Saturday, August 26, 2017

Unexplained Weight Loss Could Signal These Problems


Unexplained Weight Loss

If you lose more than 5% of your weight in 6 to 12 months, tell your doctor, especially if you’re an older adult. That would be about 8 pounds if you weigh 150, or 10 pounds if you weigh 200. Sudden weight loss without a reason can be a sign of a health problem.

Hyperthyroidism

If your thyroid gland makes too much thyroid hormone, it revs up your metabolism so you burn more calories and lose weight. You also may have more bowel movements and a racing heartbeat, and you may feel anxious. Your doctor can help you manage it with medicine. She may also talk to you about surgery to take out all or part of your thyroid.

Diabetes

Insulin is a hormone your body makes to turn blood sugar into energy. If you have diabetes, you either can’t make insulin or can’t use it the way you need to. When your cells run out of fuel, your body thinks it’s starving and starts burning fat and muscle. This makes you lose weight. You may also be thirsty, tired, hungry, or pee more than usual. Talk to your doctor right away if you notice these symptoms. If you have diabetes, she can help figure out a treatment plan that’s right for you.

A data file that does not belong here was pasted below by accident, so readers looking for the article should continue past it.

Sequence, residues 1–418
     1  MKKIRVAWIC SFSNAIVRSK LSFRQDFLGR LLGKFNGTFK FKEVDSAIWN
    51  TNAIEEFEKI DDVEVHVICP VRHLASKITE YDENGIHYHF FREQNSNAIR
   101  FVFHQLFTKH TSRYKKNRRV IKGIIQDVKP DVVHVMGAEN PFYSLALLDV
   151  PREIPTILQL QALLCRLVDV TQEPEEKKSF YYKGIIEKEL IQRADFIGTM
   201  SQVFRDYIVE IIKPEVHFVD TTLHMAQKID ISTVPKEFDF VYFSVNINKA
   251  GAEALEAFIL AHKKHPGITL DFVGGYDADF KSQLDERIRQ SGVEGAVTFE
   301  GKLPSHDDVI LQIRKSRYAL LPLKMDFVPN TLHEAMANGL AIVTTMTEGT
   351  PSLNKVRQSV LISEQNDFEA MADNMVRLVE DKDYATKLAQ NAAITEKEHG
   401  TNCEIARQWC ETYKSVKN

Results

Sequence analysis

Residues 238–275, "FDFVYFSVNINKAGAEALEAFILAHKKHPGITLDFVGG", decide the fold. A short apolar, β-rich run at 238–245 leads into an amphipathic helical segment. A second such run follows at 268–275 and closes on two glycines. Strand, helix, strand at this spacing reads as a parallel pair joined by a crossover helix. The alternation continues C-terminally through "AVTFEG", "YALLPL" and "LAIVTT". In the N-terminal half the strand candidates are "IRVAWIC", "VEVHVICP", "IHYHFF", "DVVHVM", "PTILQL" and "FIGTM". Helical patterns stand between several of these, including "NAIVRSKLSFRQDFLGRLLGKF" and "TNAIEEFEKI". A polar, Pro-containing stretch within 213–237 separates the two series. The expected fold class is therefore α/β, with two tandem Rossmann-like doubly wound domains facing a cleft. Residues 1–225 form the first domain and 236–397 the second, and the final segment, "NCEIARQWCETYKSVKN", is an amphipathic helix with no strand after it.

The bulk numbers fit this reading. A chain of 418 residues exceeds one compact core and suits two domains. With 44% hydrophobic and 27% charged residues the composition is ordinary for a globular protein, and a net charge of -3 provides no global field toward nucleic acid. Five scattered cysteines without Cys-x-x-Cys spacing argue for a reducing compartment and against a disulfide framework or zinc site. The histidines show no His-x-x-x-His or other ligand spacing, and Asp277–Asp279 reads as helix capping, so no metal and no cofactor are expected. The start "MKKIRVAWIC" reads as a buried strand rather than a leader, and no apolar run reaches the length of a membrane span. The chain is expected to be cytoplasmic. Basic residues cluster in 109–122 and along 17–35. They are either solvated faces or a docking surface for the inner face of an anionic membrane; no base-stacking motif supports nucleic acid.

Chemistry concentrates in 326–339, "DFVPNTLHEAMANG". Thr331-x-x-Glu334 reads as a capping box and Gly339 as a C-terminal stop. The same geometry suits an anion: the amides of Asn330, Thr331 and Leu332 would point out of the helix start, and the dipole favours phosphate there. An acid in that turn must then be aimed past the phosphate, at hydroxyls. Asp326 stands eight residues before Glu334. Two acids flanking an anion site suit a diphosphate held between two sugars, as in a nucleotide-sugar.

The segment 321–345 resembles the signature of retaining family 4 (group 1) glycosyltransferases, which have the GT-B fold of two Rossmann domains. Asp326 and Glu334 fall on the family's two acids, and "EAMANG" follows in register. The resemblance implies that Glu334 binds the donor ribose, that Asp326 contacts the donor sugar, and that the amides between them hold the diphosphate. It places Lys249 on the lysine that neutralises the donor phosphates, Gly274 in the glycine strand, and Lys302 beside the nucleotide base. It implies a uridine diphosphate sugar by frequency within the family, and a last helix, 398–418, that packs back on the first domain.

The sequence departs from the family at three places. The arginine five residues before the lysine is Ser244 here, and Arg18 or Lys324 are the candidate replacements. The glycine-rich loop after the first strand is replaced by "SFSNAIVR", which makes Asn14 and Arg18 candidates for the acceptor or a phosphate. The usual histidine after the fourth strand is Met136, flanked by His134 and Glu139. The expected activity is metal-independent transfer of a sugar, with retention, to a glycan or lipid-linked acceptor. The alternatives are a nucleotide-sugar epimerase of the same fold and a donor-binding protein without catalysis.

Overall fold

Celiac Disease

If you have this, your body reacts to gluten, a protein found in wheat and other grains. When you eat it, your immune system -- which helps you fight off bacteria and other germs -- attacks your small intestine by mistake. That can make it hard for your body to take in nutrients, and that can lead to weight loss. You also may have headaches, itchy skin, sores in your mouth, and joint pain. Only a doctor can tell you for sure if you have it. If you do, you’ll need to follow a special diet to stop the symptoms.